Saturday, Jul 13, 2002
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By B. Muralidhar Reddy
In an hour-long address to the nation on the State-owned Pakistan Television and Radio Gen. Musharraf left no one in doubt that his regime is not deterred by the all-round criticism of the package and was determined to push it through before the October general elections. He did make it a point to say the package was debatable and his Government was open to suggestions from all quarters.
Asserting that he was not `power hungry', Gen. Musharraf maintained that "unity of command" was the belief of every soldier. The system of "power-sharing" would never work and the future Prime Minister would have all the powers of governance. "We are only talking of checks and balances. Is it enough to have an election and a Prime Minister? Should there be no system to ensure corruption-free and efficient governance?'' he asked.
The burden of his speech was that the Army had willy-nilly been drawn into matters of governance during the "so-called democratic regimes" and all that he was attempting was to make it constitutional. The National Security Council, with representation to the three service chiefs and the Joint Chiefs of Staff would function as the watchdog on democracy and serve as the body for checks and balances on the three "power brokers" of the country. He identified the President, Prime Minister and the Chief of Army Staff as the power brokers.
Gen. Musharraf made known his displeasure at some of the harsh criticism by representatives of political parties and the press to some of the constitutional amendments and said there was no need for any one to get worked up on the package. ''After all we have made public the proposals for the purpose of a debate. Let there be a dispassionate debate but with dignity,'' he said.
The Pakistan President drew all the examples from the period 1988 to 1998, which saw the rise and fall of four civilian governments, in support of his argument on the need for institutionalisation of the role of army in governance. Gen. Musharraf said as Director General of Military Operations and later as Chief of Army Staff he was witness to several instances of politicians approaching the army for intervention.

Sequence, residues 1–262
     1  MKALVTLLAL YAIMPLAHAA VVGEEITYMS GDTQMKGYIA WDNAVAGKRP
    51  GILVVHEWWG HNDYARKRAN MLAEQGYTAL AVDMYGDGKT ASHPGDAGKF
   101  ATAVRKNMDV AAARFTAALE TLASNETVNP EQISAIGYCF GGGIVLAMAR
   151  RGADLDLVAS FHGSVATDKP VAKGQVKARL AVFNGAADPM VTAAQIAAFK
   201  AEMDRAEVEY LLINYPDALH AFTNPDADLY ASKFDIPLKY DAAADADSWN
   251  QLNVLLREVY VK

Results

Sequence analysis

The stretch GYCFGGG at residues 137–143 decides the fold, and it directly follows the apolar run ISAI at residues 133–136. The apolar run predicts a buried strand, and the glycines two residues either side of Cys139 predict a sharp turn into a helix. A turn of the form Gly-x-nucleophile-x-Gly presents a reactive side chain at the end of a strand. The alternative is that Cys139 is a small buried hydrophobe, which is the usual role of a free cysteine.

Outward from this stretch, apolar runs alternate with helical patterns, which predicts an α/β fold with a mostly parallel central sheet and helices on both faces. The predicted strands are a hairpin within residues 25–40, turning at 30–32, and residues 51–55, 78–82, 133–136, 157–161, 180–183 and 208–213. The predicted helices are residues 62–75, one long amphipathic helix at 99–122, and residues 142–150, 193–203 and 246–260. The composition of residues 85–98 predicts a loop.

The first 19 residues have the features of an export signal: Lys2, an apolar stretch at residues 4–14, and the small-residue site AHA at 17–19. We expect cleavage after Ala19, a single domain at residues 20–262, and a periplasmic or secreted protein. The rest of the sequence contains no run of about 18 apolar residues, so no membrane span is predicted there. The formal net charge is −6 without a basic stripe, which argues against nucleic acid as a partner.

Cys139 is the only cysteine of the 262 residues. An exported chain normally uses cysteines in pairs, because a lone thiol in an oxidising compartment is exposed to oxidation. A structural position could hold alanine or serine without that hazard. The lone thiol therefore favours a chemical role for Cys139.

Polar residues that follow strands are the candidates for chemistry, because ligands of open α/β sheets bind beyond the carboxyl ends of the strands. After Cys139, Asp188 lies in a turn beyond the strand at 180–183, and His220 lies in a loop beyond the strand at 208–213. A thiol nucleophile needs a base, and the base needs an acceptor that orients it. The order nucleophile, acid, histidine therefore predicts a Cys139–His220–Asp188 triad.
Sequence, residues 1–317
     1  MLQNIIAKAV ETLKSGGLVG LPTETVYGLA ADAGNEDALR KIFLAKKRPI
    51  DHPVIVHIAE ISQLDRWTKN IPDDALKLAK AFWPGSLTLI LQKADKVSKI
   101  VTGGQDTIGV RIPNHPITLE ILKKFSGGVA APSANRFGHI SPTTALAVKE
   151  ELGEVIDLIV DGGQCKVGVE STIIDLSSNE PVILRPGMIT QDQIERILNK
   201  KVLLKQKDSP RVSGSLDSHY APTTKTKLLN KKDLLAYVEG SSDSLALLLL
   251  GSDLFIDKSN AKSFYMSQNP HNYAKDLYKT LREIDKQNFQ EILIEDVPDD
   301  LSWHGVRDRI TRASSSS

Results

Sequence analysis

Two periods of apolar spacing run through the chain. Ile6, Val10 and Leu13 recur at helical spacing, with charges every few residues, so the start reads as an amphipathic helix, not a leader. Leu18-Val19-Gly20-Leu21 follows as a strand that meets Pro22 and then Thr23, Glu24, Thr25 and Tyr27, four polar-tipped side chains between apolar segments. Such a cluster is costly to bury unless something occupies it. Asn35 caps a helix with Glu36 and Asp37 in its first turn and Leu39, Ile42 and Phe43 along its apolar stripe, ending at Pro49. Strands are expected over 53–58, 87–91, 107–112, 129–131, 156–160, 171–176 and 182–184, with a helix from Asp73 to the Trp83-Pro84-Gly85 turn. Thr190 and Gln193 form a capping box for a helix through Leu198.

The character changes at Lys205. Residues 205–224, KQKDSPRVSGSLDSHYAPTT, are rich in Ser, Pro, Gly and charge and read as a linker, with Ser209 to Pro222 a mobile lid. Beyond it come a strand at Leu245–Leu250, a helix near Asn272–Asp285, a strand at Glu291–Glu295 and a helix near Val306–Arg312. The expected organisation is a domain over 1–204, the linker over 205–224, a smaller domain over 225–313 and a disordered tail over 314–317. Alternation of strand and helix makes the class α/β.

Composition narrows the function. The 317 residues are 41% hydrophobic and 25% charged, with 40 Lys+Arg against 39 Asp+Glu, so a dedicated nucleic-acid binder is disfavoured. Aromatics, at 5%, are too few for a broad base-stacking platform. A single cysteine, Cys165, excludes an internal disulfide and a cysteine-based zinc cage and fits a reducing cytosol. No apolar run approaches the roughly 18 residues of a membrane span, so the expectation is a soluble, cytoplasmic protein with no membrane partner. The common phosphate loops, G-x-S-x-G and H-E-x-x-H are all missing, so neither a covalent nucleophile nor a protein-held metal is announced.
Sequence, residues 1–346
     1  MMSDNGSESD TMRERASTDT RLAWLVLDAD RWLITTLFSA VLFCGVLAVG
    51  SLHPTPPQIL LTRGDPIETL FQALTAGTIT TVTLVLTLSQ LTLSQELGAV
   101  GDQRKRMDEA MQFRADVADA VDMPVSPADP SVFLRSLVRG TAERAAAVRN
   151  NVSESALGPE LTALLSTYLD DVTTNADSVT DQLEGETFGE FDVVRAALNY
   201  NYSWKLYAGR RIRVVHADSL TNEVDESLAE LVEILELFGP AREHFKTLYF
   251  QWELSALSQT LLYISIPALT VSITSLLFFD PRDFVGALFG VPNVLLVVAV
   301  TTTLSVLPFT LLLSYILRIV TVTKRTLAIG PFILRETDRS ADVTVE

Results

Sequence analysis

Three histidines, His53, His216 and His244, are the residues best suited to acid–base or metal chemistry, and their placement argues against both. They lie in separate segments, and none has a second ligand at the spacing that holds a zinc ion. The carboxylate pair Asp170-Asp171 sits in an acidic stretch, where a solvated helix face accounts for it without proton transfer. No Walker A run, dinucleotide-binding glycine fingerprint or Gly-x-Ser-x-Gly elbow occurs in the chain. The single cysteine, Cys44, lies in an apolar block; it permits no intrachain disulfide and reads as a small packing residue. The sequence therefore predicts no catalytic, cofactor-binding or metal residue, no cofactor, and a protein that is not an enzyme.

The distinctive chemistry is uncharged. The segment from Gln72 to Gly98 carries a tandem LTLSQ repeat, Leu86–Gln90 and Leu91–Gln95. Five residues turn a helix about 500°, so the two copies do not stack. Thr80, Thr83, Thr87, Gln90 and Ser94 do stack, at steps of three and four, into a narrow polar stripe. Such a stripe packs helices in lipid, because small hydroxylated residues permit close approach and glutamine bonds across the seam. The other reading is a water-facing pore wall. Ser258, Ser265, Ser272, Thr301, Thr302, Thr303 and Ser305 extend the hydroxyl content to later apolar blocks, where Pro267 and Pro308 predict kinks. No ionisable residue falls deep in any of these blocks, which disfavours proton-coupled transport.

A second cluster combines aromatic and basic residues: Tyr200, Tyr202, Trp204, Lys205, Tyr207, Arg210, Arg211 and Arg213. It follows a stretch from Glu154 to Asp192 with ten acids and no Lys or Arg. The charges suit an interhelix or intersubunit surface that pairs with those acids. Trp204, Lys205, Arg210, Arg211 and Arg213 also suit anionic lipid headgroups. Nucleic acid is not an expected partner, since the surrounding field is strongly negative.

``The army has never intervened on its own will. The political class dragged it. Tell me between 1988 to 1998 there were four civilian governments. Not one of them could complete its full term. Each time the Army Chief was asked either to intervene or become an arbitrator in the dispute between Prime Minister and President. Do you want the same type of democracy again'', he asked.
On the proposal to restore the powers of the President to dismiss the Prime Minister, Gen. Musharraf gave an impression that under the proposed system the President would have to obtain the consent of the National Security Council. Besides the three services chiefs and the Joint Chiefs of Staff the Council to be headed by the President would consist of the Prime Minister, the Leader of the Opposition and the Chief Ministers of four provinces.
Gen. Musharraf made a reference to the Pakistan Supreme Court verdict upholding his order on prescription of graduation as the minimum qualification to contest election and said that ''now that the apex court has endorsed it, we have to make it part of the constitution''.
On the controversial proposal to empower the President to nominate the Prime Minister Gen. Musharraf said that the person chosen by the President would have to secure the confidence of the National Assembly.
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